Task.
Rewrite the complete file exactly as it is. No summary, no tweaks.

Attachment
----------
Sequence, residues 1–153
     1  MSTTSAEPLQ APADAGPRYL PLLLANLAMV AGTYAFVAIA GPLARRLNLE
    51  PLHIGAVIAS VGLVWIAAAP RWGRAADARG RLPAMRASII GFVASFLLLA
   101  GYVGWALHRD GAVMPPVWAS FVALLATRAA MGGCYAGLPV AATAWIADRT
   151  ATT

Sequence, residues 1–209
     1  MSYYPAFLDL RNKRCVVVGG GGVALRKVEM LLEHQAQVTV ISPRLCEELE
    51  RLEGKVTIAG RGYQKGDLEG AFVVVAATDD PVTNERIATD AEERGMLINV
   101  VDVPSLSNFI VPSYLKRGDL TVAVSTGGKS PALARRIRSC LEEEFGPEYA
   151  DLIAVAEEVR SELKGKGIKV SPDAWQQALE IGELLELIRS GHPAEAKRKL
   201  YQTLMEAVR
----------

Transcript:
Sequence, residues 1–153
     1  MSTTSAEPLQ APADAGPRYL PLLLANLAMV AGTYAFVAIA GPLARRLNLE
    51  PLHIGAVIAS VGLVWIAAAP RWGRAADARG RLPAMRASII GFVASFLLLA
   101  GYVGWALHRD GAVMPPVWAS FVALLATRAA MGGCYAGLPV AATAWIADRT
   151  ATT

Sequence, residues 1–209
     1  MSYYPAFLDL RNKRCVVVGG GGVALRKVEM LLEHQAQVTV ISPRLCEELE
    51  RLEGKVTIAG RGYQKGDLEG AFVVVAATDD PVTNERIATD AEERGMLINV
   101  VDVPSLSNFI VPSYLKRGDL TVAVSTGGKS PALARRIRSC LEEEFGPEYA
   151  DLIAVAEEVR SELKGKGIKV SPDAWQQALE IGELLELIRS GHPAEAKRKL
   201  YQTLMEAVR